When one is writing a novel in the first person, one must be that person. – Daphne du Maurier
Daphne du Maurier is known for her effortless ease of narrating the most complex of plots in such a convincing first person voice that it seems to transcend the barriers of reality and virtuality. Her fictions seem to be the real life story of the main protagonist, truest to the core. Just as she amazingly slips into the shoes of Mrs. de Winter in Rebecca, du Maurier shows an equal level of dexterity in adopting a man’s voice and metamorphosing herself into the young Philip Ashley in My Cousin Rachel.
The backdrop of the two novels is somewhat similar: a large seaview manor house and estate nestled in the heart of Cornwall where men were perfectly comfortable enjoying their days with dogs and horses as their primary companions until women venture into their lives. Philip Ashley is a young man raised by his rich distant cousin Ambrose to whom he’s absolutely devoted to and the two of them share kind of a father son bonding. Both men are borderline misogynist or in milder terms, totally indifferent to women and happy in their own men’s world, until Ambrose travels abroad for health reasons only to fall in love with his (and also Philip’s) distant cousin Rachel.
After a whirlwind romance, Rachel and Ambrose settle down to a fairy tale marriage in Italy; unfortunately even before the honeymoon period is over, serious illness takes over Ambrose and he dies soon afterwards only to leave behind clues in his last letters to Philip that it’s not the illness, but rather a deliberate series of slow poisoning by Rachel and her paramour that’s responsible for his untimely death.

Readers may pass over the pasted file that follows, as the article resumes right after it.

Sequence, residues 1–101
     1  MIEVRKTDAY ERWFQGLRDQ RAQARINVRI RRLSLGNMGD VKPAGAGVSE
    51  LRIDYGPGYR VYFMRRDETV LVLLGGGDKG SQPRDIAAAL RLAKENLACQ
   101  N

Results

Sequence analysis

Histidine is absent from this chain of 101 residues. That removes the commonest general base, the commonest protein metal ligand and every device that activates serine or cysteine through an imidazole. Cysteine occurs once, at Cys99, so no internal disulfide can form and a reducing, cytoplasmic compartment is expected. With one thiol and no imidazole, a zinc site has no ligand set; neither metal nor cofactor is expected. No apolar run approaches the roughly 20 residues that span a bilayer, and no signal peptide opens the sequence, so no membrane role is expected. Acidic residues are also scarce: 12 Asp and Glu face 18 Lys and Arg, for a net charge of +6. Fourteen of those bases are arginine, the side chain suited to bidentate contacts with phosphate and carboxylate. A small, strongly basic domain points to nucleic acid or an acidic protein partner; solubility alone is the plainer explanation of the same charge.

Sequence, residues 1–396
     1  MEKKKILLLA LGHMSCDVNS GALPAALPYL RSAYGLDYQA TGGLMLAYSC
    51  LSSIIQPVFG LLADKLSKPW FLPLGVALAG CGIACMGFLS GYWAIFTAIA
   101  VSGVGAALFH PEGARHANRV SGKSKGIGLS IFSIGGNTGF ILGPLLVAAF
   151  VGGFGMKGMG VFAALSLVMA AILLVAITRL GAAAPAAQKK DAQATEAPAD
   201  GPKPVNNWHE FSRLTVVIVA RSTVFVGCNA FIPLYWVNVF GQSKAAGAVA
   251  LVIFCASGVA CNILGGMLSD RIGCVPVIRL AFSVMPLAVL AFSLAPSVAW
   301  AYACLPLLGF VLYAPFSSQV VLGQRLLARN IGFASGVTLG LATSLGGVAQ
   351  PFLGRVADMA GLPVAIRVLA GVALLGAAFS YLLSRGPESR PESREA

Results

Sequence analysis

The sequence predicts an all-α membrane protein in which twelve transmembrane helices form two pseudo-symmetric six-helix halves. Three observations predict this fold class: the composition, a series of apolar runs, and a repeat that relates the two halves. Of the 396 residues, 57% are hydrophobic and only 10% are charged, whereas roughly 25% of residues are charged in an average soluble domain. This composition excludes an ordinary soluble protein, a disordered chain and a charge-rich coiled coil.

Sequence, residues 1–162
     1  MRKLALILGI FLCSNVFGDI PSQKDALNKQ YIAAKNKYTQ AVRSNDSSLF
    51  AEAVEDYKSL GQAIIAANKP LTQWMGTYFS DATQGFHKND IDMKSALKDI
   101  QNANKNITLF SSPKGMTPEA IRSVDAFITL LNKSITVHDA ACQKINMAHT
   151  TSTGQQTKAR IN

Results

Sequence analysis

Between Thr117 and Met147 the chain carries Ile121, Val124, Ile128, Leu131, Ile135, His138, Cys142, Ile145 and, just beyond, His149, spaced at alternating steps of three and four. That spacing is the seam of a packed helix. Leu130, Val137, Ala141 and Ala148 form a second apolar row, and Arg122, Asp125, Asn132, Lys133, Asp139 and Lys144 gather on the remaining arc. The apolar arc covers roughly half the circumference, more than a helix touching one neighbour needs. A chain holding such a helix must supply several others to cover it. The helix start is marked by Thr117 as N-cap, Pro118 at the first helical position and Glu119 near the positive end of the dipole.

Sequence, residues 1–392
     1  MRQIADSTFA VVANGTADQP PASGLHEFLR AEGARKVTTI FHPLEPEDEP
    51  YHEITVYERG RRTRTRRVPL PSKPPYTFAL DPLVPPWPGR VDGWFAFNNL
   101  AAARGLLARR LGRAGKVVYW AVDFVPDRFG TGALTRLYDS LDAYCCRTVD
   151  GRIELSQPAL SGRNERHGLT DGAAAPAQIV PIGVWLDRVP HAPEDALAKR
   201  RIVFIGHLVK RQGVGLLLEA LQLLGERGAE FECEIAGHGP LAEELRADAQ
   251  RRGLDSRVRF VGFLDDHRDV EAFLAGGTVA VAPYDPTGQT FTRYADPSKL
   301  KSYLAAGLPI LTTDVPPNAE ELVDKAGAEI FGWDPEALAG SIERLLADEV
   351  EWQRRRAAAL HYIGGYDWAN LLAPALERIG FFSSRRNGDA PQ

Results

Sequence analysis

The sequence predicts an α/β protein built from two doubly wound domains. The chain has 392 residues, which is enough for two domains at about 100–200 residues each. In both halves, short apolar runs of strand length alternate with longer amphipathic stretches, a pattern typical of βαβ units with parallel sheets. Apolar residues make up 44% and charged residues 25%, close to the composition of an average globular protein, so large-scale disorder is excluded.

An investigation into Rachel’s past further strengthens the doubts and hatred in the heart of Philip for the possible killer of his cousin until Philip meets with Rachel in person and after some initial pulling back by his conscience, helplessly falls in love with Rachel. Soon afterwards, Philip falls ill mysteriously and suspicion overshadows his love for Rachel as he’s left wondering if he’s going to be the next victim to Rachel’s greed and murderous intent.
- Of course the first person writing style that du Maurier is so famous for; this time the challenge was even greater as du Maurier had to speak in an authentic man’s voice unlike the feminine tone she had adopted in Rebecca.
- The veil of confusion she castes over Philip and the readers: one moment the reader (and Philip) will be convinced of Rachel’s innocence and the next of her guilt. The dilemma to make a decision about Rachel’s core character adds a stunning flavor to the narration.
- The ending: just like Rebecca, comes within a few lines, leaves you in utter shock, makes you go back and read in between the lines again, and then leaves you with numerous questions about Philip’s actual intent and Philip’s fate. I really like the way du Maurier as always pushes the ball finally into the reader’s court and offers him the liberty to decide what the truth could have been instead of telling him what the truth actually was. It’s this shroud of unanswered riddles that makes her works so special!
- Although I hate to pick any serious flaws, as a reader I did lose my attention at some points and would have loved the novel more had it been a little shorter. It kind of drags on towards the middle, although the beginning and the end are pretty neat.